Nancy Kress writes about her concern that a story she is working on - which is told from the point of view of an anchondroplastic dwarf - might be culturally trespassing.
I still feel uneasy appropriating a culture not my own as a subject for fiction. Writers do this all the time, of course, and critics and readers then complain about it all the time. (Look up the controversy over Memoirs of a Geisha, written by a non-Asian man.) I don't want to step on anyone's sensibilities. But if I stuck to my own culture -- white, female, middle-aged and middle class -- I would have a very narrow range of stories.It seems to me the important thing is getting it right.
At Making Light commenter Michael Roberts asked :
what science-fiction books would the assembly recommend for getting a good picture of alternate ecologies? A little perspective: we've just read Philip Pullman's His Dark Materials trilogy (aside: holy schemoley, what a great set of books!) and the alternate world with the wheeled creatures definitely caught her fancy.Making Light's knowledgeable commentariat comes up with some more suggestions (1, 2, 3, 4, 5, 6, and, well, just keep reading down the thread for more).
I searched through the boxes, and came up with Kim Stanley Robinson's Mars trilogy, Niven's Protector, Rainbow Mars, and Smoke Ring, Brin and Benford's Heart of the Comet, Greg Bear's Darwin's Radio, Forward's Flight of the Dragonfly, Orson Scott Card's Wyrms, and Brin's Glory Season. What am I not thinking of? This wasn't intended to be a survey of biologically-oriented SF, but there's got to be others. I didn't give her Dune, I suppose.
Nina Munteanu reviews Robert Sawyer's Neanderthal Trilogy.
The Science of Battlestar Galactica takes a look at how Colonials and Cylons can interbreed . The conclusion: Earth “humans” must be a cross between Colonials and Cylons. Read part 1 and part 2.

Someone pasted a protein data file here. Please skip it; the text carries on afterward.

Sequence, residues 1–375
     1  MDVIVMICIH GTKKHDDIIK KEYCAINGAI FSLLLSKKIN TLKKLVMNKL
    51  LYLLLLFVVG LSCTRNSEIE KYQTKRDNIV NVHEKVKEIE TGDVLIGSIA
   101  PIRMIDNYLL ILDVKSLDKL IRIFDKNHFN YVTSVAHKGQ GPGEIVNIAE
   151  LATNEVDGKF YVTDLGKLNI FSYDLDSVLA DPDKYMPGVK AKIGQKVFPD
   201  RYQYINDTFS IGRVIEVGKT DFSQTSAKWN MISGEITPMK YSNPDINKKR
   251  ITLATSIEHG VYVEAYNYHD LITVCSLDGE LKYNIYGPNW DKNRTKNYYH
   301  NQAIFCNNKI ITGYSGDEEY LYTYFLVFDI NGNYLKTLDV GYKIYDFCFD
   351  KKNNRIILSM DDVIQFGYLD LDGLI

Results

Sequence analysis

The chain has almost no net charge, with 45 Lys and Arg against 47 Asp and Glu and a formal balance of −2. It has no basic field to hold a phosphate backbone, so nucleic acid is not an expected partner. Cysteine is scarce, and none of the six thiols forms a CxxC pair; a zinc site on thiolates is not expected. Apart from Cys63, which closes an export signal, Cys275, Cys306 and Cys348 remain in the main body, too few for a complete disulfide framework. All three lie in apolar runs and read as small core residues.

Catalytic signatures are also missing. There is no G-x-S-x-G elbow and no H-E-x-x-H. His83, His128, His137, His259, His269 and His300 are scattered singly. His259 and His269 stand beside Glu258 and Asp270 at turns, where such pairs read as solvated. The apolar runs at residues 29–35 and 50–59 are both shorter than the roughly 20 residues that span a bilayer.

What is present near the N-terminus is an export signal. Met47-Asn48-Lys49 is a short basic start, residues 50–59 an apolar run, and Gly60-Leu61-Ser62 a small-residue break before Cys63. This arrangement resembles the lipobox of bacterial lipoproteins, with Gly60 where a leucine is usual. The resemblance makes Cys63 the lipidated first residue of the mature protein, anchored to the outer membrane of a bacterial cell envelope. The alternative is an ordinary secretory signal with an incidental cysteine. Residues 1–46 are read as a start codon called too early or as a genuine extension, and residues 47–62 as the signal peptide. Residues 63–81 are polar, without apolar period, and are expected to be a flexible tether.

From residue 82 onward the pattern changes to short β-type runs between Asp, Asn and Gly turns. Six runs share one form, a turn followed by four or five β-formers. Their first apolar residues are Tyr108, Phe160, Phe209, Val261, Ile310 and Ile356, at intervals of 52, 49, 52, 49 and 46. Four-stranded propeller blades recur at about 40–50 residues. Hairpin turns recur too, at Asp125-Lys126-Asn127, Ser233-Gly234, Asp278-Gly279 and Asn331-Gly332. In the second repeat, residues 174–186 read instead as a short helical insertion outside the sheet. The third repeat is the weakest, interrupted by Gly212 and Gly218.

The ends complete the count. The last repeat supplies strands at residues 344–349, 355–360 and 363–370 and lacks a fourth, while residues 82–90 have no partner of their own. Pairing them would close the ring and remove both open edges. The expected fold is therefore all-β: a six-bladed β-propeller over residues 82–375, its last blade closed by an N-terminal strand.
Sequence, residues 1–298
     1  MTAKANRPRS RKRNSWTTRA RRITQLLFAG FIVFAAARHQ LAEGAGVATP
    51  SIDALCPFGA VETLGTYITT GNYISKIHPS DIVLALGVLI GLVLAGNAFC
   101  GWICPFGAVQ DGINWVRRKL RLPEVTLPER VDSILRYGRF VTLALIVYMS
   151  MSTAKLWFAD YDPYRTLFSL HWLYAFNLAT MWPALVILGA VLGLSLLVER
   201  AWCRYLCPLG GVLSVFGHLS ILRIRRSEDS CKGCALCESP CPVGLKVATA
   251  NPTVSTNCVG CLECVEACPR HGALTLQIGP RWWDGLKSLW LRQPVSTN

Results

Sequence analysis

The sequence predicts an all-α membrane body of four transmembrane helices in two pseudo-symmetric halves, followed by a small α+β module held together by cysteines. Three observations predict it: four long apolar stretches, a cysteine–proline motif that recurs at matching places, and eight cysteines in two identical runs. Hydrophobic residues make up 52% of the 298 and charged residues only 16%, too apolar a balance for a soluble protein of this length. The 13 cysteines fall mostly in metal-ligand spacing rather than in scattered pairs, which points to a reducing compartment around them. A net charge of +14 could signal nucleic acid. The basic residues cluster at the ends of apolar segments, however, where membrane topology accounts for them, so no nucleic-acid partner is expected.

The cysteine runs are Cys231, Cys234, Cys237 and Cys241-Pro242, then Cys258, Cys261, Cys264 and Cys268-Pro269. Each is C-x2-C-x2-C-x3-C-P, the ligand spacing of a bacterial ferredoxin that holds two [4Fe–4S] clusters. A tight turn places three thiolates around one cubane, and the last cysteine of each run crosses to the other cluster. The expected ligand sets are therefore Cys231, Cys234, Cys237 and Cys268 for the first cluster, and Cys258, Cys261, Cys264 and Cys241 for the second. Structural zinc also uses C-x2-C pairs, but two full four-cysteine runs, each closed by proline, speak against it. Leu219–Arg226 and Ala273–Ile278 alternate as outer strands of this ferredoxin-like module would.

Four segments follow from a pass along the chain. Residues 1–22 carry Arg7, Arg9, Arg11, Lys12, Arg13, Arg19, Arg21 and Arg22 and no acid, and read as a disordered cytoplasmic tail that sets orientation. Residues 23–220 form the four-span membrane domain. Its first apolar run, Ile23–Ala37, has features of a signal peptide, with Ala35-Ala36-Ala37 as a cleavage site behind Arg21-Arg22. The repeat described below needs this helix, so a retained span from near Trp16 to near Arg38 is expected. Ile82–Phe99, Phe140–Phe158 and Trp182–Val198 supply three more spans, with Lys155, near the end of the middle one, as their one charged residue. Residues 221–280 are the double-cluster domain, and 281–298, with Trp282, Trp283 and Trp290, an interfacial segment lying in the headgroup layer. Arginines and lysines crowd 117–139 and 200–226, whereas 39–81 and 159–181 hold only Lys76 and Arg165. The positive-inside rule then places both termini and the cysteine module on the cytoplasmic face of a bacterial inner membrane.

Have we seen the "father" of the Cylons? Check out Michael Hinman's column at SyFy Portal to find out (SPOILERS!).
Eva at EasternBlot has an alternative explanation for the invisible non-humanoid life forms Doctor Who detected in the library.
Adam Hadhazy, Scientific American intern, liked A&E's Andromeda Strain - at least the first half.
A remarkable amount of the science in the 40-year-old original still holds up as compelling and has been wisely retained. Who doesn't get excited when the scrambling scientists, whisked away to a top secret laboratory, discover that the microscopic invader contains no DNA or RNA—making it unlike any other life-form on Earth? To try and wow science-savvy people, as well as inveigle the layman, A&E cranks its version up a notch by throwing in buckyballs and singularitywormholes, though somewhat unnecessarily.Only somewhat? And I seriously doubt it was the "science-savvy" they were trying to wow.
Sarah Stegall has a positive review - at least of the The Andromeda Strain's science - for SF Scope.
The current research into the communities of chemosynthetic organisms is among the (ahem) hottest topics in ocean research today. More cutting edge science is threaded throughout this updated version: buckyballs, Archaea, DNA research, wormhole theory, messenger theory. We discover after a couple of hours that the Andromeda strain was picked up by a secret research mission to a secret wormhole that has since collapsed. Best of all, nobody stops to explain all this stuff. While it may leave some viewers in the dust, this is the best integration of actual science into a science fiction story I've seen in a long time. Apart from the wormhole itself (which is still part of respectable physical speculation), there is no hand-waving, no "Trek science" to insult the knowledgeable viewer. The science is real, and that makes the supposed threat more real.I don't really agree that there wasn't any "Trek science" (wormhole from the future anyone?), but it definitely could have been worse.